Let me start by telling it straight: There are two types of migrants according to society: “good migrants” and “bad migrants.”
“Good migrants” are educated, have an expertise and with ease and possibly distinction, fit into the economy. They are probably even charming and funny as well.
Then there are so-called “bad migrants” – people like myself and my mother. She arrived, as a headscarf-wearing, illiterate, Muslim woman, with a little three-year-old boy, from Somalia in 1993, in an attempt to make a new life for herself in the post-industrial northern city of Sheffield.
Growing up was a daily challenge. Every road sign, instruction manual and bureaucratic letter was another mystery for us to solve as a team. We did homework together as we both needed to know what it was that the British called a tufaax (apple); or how to share amazement at the occasional Hilaac iyo onkod (thunder and lightning). We even put up with the casual racism that came our way together. I guess we thought it was to be expected, though I slowly began to realise that racism, no matter how casual, was like a grenade thrown at the foundations of your carefully constructed confidence.
On the staircase up to our fourth floor flat, sometimes there would be drug dealers and sometimes there would be drug users. But there would always be urine in the corner. This was too normal to be a problem or much of a distraction. This inner city area was home and because it was home I could hardly imagine a more beautiful place.
My mother and my stepfather, when he began to become part of my life, spent a good chunk of the little they had on buying me books. “Bad” migrants tend to particularly emphasise the importance of education to their children.
My mother was what society would have called a “burden on the state”, as she was on benefits for most of these years. But she had to be careful with money. We didn’t waste it on coffees, restaurants and enticements from TV advertisments. We were living on the lowest amount society thought people could survive on, yet somehow my mother found a way to save up and send medical fees for distant relatives who otherwise might die, due to the poor medical infrastructure of where we had come from.
What my mother really invested in all these years, however, didn’t have an obvious monetary value. It was us – her children – as she put all her energy into creating the best people that she could.
No, she couldn’t personally contribute like the “good migrants” and everyday citizens, but through her life experience and struggles she raised empathetic characters, filled with intellectual curiosity and a refined desire to contribute. A simple sense that it matters a lot to make sure we create systems and structures that make what was difficult for us easier for others. She did what she could to make good people. Ultimately, speaking of “good” and “bad” migrants – as with most labels – fails to distinguish between those who can love and those who can’t, those who build and those who destroy.
I am what I am today because of my mother, my stepfather, the people I met along the way who helped me and because we were supported by a multifaceted state that was the collective expression of humanity.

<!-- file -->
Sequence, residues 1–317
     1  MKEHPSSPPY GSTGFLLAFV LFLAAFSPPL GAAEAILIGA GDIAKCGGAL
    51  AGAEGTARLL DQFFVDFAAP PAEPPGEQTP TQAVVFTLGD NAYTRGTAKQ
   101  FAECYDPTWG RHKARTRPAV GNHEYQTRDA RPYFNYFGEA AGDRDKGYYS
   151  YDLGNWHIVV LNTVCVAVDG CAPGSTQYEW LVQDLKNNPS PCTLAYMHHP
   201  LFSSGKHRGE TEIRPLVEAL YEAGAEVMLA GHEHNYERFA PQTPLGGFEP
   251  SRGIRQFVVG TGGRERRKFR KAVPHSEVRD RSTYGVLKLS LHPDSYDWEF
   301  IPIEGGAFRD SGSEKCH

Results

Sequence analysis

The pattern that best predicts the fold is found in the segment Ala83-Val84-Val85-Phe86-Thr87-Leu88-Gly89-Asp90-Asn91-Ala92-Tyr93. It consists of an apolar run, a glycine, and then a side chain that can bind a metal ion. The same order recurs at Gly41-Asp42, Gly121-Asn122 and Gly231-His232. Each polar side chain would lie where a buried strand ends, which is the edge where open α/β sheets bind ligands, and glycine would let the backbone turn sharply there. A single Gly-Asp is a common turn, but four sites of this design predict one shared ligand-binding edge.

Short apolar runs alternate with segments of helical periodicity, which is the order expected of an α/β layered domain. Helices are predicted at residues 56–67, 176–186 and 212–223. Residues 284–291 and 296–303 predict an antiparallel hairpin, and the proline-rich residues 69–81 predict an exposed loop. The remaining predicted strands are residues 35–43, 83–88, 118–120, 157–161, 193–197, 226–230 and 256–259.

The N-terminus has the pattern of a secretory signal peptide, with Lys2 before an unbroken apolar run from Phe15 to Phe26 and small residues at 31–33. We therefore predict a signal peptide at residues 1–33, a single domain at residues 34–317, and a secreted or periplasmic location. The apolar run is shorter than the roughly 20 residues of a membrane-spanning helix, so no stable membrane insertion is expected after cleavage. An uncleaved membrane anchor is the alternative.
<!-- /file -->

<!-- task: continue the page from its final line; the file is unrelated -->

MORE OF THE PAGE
The same urge that created this infrastructure of humanity and gratitude – what we call the welfare state – is similar to the philanthropic urge that makes someone of humble beginnings use their success to create foundations, educational trusts, charities and scholarships. Acts like this are the physical expression of their gratitude for the good fortune that allowed them to succeed in ways that others less fortunate may not have.
Most of us are empathetic towards people like my mother, who can tell stories about a civil war with dead relatives, hunger and bullets raining down around them. We should not however allow our empathy to stop there. Brute luck affects even those outside of warzones. Who of us can be sure that we would not act like the economic migrants seeking to escape the slow burning frustration brought on by misery and despair in parts of the world impoverished by mere coincidence and often historic crimes?
As for me, I’m proud to be a “bad” migrant. It’s taught me everything I know, and made me proud of those who attempted to ingrain compassion into the infrastructure of society’s bureaucracies. It’s filled me with a desire to make the world better. Finally, it taught me that history produces our present, privileges some and deprives others.
With the continuing Syrian refugee crisis, the purgatory in Calais, and the destitution of refugees and asylum seekers in the UK, we would do well to remember this: fortune accounts for far too much of all our lives to close our hearts, our doors, and our countries to desperate victims of misfortune. And if you suspect we just don’t have enough space, then perhaps we need to create a world with less misfortune.
Abdi Aziz Sulieman, a graduate from the University of Sheffield and former Sheffield Students’ Union President, who was also a refugee from Somalia.